Israelis to help US cope with Katrina trauma

Senator Hillary Rodham Clinton announce the binational preparedness consortium.

November 14, 2005 23:19
3 minute read.
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hillary clinton 88. (photo credit: )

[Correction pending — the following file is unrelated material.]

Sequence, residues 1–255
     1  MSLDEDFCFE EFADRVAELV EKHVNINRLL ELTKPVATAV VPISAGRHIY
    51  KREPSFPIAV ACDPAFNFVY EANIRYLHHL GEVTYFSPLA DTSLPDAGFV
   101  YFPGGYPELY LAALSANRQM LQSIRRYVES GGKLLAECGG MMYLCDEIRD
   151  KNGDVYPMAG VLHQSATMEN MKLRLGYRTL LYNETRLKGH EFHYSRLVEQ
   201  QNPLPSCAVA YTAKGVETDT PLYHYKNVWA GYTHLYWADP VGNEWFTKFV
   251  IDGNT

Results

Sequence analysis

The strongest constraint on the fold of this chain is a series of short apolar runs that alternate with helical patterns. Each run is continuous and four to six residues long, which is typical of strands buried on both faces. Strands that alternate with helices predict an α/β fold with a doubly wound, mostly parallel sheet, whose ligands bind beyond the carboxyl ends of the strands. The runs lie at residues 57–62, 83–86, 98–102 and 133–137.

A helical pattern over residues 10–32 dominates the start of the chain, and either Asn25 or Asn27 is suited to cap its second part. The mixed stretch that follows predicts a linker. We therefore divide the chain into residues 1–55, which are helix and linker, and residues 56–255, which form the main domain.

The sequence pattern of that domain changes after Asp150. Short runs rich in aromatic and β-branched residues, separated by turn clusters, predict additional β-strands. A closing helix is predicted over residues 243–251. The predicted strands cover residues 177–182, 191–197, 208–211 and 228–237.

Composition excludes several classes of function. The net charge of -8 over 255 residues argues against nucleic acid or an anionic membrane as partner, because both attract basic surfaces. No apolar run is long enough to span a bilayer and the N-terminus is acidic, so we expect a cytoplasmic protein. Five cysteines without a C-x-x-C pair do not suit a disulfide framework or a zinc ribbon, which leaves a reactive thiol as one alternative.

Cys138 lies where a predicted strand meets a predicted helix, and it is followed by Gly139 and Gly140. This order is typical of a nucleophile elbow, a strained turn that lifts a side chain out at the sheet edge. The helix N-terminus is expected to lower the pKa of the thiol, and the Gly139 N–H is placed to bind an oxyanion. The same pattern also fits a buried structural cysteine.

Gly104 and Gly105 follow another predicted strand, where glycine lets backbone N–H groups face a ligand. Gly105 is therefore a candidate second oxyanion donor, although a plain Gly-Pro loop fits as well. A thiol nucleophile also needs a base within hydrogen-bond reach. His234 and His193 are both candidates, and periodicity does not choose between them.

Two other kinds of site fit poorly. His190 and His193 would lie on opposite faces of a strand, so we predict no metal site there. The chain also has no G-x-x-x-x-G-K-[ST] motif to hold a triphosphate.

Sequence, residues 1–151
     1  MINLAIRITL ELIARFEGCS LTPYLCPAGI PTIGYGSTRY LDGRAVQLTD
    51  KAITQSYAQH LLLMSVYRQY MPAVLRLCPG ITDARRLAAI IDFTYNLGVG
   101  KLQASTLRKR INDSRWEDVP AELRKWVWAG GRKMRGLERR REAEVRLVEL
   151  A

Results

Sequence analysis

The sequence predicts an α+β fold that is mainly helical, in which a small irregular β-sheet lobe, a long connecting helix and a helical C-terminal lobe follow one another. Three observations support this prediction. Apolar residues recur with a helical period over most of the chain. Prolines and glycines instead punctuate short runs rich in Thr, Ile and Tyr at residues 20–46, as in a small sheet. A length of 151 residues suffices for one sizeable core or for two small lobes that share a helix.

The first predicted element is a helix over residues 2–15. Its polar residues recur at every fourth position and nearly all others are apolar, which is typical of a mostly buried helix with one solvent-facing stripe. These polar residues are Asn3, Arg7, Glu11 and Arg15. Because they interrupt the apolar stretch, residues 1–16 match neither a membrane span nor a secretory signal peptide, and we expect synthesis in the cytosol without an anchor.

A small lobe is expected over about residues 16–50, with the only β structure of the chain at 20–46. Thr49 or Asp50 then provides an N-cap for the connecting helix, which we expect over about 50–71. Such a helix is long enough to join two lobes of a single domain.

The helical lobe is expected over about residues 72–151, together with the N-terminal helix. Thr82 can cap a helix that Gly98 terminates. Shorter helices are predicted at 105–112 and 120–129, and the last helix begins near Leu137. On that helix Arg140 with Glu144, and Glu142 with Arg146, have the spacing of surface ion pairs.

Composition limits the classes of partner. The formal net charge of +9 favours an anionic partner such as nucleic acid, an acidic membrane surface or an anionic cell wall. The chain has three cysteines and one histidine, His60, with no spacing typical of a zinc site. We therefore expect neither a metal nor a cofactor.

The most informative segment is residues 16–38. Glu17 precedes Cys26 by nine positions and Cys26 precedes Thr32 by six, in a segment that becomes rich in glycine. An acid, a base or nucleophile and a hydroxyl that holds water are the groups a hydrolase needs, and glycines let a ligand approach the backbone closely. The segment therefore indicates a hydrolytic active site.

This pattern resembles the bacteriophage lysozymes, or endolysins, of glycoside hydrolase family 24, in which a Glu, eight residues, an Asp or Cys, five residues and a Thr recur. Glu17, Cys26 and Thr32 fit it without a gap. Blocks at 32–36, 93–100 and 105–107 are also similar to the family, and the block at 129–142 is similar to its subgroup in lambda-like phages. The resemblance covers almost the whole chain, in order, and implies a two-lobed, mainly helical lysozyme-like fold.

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The Israel Trauma Coalition (ITC) and American Jewish fundraisers will join forces in an effort to teach professionals to help Katrina hurricane victims in the southern US to cope with trauma. The binational preparedness consortium was announced on Monday in Jerusalem by New York Senator Hillary Rodham Clinton during a stop at the Jerusalem Fire Brigade in the Givat Mordechai neighborhood along with heads of the ITC and the UJA Federation of New York, which helps fund the ITC. Clinton, who was presented with a red fireman's helmet, told guests that Israel and the US, both targeted by terror, have a lot to teach and learn from each other. She noted that Israel, which has excelled in organizing skilled infrastructure for coping with terror, has taught the US since September 11 that preparedness - and not only rushing in afterwards to help victims - is vital. After 9/11, a support system was set up by the ITC and American organizations that exchanges information and expertise, and many teachers and parents know how to recognize early signs of trauma. The first Israeli expert to train Americans on coping with trauma after 9/11, she said, was Dr. Danny Brom, chairman of the ITC and a founder of Herzog Hospital's Center for the Treatment of Trauma. Brom, co-author of an English-language text on dealing with emotional trauma, sat next to Clinton and said his coalition - comprised of some 40 Israeli organizations that deal with trauma victims - would be happy to provide training and guidance for those who will work with hurricane victims, as it did working in Beslan with terror victims and in Sri Lanka with tsunami survivors. "You have become experts in this field," said the Democratic senator, even though Israel certainly never sought to excel in it. "We in New York look to you for help." Clinton facilitated funding for the consortium, which will provide school- and community-based intervention for dislocated hurricane victims who lost "everything, their family members, homes, jobs and communities." Clinton noted that American agencies also learned from Israel the importance of providing emotional support to first responders - firemen, policemen, construction workers and others - in catastrophes. Steely-eyed firefighter of 13 years Assaf Abras said that the terror war against Israel has left emotional scars even on him and his colleagues, and that when he was hosted at a New York City fire station, he "immediately felt at home. We are one big family." Riding in a US consulate van with a police escort to the Romema neighborhood, Clinton went to the city's Magen David Adom station and tried her hand at "resuscitating" a mannequin under instruction from an MDA paramedic. She was presented with an MDA vest by MDA blood services director Prof. Eilat Shinar and declared a life member of the organization for her intensive efforts towards getting the International Red Cross Movement to recognize Israel's 75-year-old first-aid and blood supply organization as a full-fledged member.

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